During 2019 quota donations made though the economic link requirements were estimated to have a value of £2.1 million based on average first sale prices. The donated quota totalled 714 tonnes across the range of stocks as detailed in the table below. Donated quota is provided directly to the 10m and under fleet or traded by the MMO for more beneficial stocks for the 10m and under fleet as necessary. The MMO carries out a large number of trades each year through domestic and international swaps to ensure the most beneficial fishing opportunities for the fleet. Economic link related quota donations form part of the overall trading package along with multiple other sources of quota, so it is not possible to state the precise value of this component. For this reason the MMO uses the first sale value of donated quota to assess the economic link compliance.

Stock donated in 2019 through economic link conditions

Sum of Quantity

Anglers NS (ANF/2AC4-C)

30

Anglers WS (ANF/56-14)

1.1

Cod NS exc IV Norway (COD/2A3AX4)

6

Haddock VIIa (HAD/07A.)

0.2

Hake NS (HKE/2AC4-C)

1

Hake WS incl VII (HKE/571214)

2

Megrim NS IIa(EC), IV(EC) (LEZ/2AC4-C)

6

Megrim WS (LEZ/56-14)

0.2

Nephrops NS (NEP/2AC4-C)

313.7

Nephrops WC (NEP/5BC6.)

7.1

Other Species IV ex EC Norway (OTH/04-N.)

6.4

Plaice VIIa (PLE/07A.)

2

Plaice WS (PLE/56-14)

0.1

Pollack VII (POL/07.)

154

Saithe VII (POK/7/3411)

10

Saithe WS (POK/56-14)

1

Skates & Rays NS (SRX/2AC4-C)

15.5

Skates & Rays VI, VII a-k exc D (SRX/67AKXD)

15

Skates & Rays VIId (SRX/*07D.) [counts against /67AKXD]

9.2

Sole NS (SOL/24-C.)

37

Turbot & Brill NS IIa(EC), IV(EC) (T/B/2AC4-C)

26

Whiting VIIa (WHG/07A.)

1

Whiting VIIb-k (WHG/7X7A-C)

69.6

Victoria Prentis
Parliamentary Under-Secretary (Department for Environment, Food and Rural Affairs)
29th Sep 2020
To ask the Secretary of State for Environment, Food and Rural Affairs, what the (a) value and (b) weight was of fish donated by vessel owners under economic link conditions made available to under 10m vessels through the pool in 2019.

All UK fishing vessels are registered to UK companies (or individuals); the Marine Management Organisation (MMO) does not hold data relating to the degree of foreign investment or beneficial ownership of these companies or fishing opportunities associated with them. Therefore, it is not possible to provide data on landings, quota compliance or vessel numbers split between UK and foreign ownership. The economic link conditions apply to all UK fishing vessels and are enforced through conditions in the fishing licence to ensure that genuine benefits to the UK are realised by the whole fleet.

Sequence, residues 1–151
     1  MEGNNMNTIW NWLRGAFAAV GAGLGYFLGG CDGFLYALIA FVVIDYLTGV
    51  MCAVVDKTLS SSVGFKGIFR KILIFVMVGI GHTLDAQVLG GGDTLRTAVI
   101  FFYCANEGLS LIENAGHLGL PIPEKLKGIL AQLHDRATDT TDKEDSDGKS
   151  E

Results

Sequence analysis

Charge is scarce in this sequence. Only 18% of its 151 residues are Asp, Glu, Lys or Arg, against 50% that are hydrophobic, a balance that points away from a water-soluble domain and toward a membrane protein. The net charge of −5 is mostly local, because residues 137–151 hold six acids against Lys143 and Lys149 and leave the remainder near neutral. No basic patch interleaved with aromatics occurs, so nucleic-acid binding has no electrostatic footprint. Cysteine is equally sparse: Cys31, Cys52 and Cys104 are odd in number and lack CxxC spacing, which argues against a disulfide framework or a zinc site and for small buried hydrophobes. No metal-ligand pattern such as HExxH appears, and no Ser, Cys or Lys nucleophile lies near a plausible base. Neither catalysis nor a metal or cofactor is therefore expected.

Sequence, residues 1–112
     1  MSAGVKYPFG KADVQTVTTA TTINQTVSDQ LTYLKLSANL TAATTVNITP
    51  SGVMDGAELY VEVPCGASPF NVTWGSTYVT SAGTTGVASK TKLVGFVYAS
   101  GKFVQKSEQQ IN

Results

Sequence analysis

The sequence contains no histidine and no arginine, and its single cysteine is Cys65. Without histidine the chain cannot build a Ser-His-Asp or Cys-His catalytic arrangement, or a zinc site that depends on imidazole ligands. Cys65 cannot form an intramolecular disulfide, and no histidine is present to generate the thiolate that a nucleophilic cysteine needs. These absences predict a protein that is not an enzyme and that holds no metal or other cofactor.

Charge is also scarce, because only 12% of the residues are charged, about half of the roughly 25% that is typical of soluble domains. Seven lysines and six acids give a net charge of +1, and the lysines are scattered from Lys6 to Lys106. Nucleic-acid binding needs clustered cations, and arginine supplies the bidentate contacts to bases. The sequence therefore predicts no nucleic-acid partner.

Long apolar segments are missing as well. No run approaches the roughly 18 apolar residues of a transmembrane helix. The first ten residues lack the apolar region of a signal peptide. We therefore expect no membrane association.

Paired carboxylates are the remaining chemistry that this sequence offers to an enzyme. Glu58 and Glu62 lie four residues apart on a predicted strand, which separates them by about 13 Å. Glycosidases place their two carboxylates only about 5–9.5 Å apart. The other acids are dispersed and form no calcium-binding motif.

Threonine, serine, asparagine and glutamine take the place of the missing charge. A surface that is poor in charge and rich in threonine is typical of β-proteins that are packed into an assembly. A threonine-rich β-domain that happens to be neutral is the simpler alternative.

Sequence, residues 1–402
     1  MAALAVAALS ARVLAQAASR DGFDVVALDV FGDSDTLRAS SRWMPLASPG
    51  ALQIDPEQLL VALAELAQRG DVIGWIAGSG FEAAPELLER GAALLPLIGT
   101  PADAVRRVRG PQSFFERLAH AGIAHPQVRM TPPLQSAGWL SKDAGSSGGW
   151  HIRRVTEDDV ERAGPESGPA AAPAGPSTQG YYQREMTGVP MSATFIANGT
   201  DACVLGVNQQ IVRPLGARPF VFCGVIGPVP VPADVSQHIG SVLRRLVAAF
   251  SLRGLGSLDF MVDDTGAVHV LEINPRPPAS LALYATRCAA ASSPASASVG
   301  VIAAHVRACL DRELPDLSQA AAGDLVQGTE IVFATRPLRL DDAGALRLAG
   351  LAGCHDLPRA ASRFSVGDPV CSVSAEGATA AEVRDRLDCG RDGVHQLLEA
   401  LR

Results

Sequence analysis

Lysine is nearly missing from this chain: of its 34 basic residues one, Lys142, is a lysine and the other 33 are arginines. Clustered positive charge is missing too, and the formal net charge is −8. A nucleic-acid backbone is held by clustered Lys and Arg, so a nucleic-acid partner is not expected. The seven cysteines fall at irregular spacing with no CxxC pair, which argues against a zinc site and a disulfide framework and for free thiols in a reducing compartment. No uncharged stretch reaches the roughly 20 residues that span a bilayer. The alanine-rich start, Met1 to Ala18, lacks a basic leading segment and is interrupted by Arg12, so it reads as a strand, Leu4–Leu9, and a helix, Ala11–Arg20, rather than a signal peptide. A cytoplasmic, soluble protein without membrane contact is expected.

The licence condition relating to crewing is audited by the MMO through the requirement of a crew manifest detailing the names and addresses of all crew members. The condition requires residence in the UK and does not specifically relate to distance of residence from the coast.

During 2019 quota donations made though the economic link requirements were estimated to have a value of £2.1 million based on average first sale prices. The donated quota totalled 714 tonnes across the range of stocks as detailed in the table below. Donated quota is provided directly to the 10m and under fleet or traded by the MMO for more beneficial stocks for the 10m and under fleet as necessary. The MMO carries out a large number of trades each year through domestic and international swaps to ensure the most beneficial fishing opportunities for the fleet. Economic link related quota donations form part of the overall trading package along with multiple other sources of quota, so it is not possible to state the precise value of this component. For this reason the MMO uses the first sale value of donated quota to assess the economic link compliance.

Stock donated in 2019 through economic link conditions

Sum of Quantity

Anglers NS (ANF/2AC4-C)

30

Anglers WS (ANF/56-14)

1.1

Cod NS exc IV Norway (COD/2A3AX4)

6

Haddock VIIa (HAD/07A.)

0.2

Hake NS (HKE/2AC4-C)

1

Hake WS incl VII (HKE/571214)

2

Megrim NS IIa(EC), IV(EC) (LEZ/2AC4-C)

6

Megrim WS (LEZ/56-14)

0.2

Nephrops NS (NEP/2AC4-C)

313.7

Nephrops WC (NEP/5BC6.)

7.1

Other Species IV ex EC Norway (OTH/04-N.)

6.4

Plaice VIIa (PLE/07A.)

2

Plaice WS (PLE/56-14)

0.1

Pollack VII (POL/07.)

154

Saithe VII (POK/7/3411)

10

Saithe WS (POK/56-14)

1

Skates & Rays NS (SRX/2AC4-C)

15.5

Skates & Rays VI, VII a-k exc D (SRX/67AKXD)

15

Skates & Rays VIId (SRX/*07D.) [counts against /67AKXD]

9.2

Sole NS (SOL/24-C.)

37

Turbot & Brill NS IIa(EC), IV(EC) (T/B/2AC4-C)

26

Whiting VIIa (WHG/07A.)

1

Whiting VIIb-k (WHG/7X7A-C)

69.6

Victoria Prentis
Parliamentary Under-Secretary (Department for Environment, Food and Rural Affairs)
29th Sep 2020
To ask the Secretary of State for Environment, Food and Rural Affairs, what the (a) value and (b) weight was of fish donated by vessel owners under economic link conditions made available through the pool and landed by under 10m vessels in 2019.

All UK fishing vessels are registered to UK companies (or individuals); the Marine Management Organisation (MMO) does not hold data relating to the degree of foreign investment or beneficial ownership of these companies or fishing opportunities associated with them. Therefore, it is not possible to provide data on landings, quota compliance or vessel numbers split between UK and foreign ownership. The economic link conditions apply to all UK fishing vessels and are enforced through conditions in the fishing licence to ensure that genuine benefits to the UK are realised by the whole fleet.